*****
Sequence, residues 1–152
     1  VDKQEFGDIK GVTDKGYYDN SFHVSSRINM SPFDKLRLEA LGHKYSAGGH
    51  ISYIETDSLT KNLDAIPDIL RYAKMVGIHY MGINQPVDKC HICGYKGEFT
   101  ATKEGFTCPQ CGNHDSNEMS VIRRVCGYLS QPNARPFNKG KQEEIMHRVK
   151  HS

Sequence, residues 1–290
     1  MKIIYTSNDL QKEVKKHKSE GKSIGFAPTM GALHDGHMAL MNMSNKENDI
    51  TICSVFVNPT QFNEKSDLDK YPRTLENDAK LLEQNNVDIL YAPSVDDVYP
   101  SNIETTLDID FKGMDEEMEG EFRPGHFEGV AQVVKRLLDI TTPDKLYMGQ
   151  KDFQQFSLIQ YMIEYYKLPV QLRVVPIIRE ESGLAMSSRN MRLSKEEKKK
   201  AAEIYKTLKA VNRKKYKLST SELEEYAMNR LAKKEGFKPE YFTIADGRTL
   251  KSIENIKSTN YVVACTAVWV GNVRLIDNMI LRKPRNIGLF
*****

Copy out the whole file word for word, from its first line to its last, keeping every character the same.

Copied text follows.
Sequence, residues 1–152
     1  VDKQEFGDIK GVTDKGYYDN SFHVSSRINM SPFDKLRLEA LGHKYSAGGH
    51  ISYIETDSLT KNLDAIPDIL RYAKMVGIHY MGINQPVDKC HICGYKGEFT
   101  ATKEGFTCPQ CGNHDSNEMS VIRRVCGYLS QPNARPFNKG KQEEIMHRVK
   151  HS

Sequence, residues 1–290
     1  MKIIYTSNDL QKEVKKHKSE GKSIGFAPTM GALHDGHMAL MNMSNKENDI
    51  TICSVFVNPT QFNEKSDLDK YPRTLENDAK LLEQNNVDIL YAPSVDDVYP
   101  SNIETTLDID FKGMDEEMEG EFRPGHFEGV AQVVKRLLDI TTPDKLYMGQ
   151  KDFQQFSLIQ YMIEYYKLPV QLRVVPIIRE ESGLAMSSRN MRLSKEEKKK
   201  AAEIYKTLKA VNRKKYKLST SELEEYAMNR LAKKEGFKPE YFTIADGRTL
   251  KSIENIKSTN YVVACTAVWV GNVRLIDNMI LRKPRNIGLF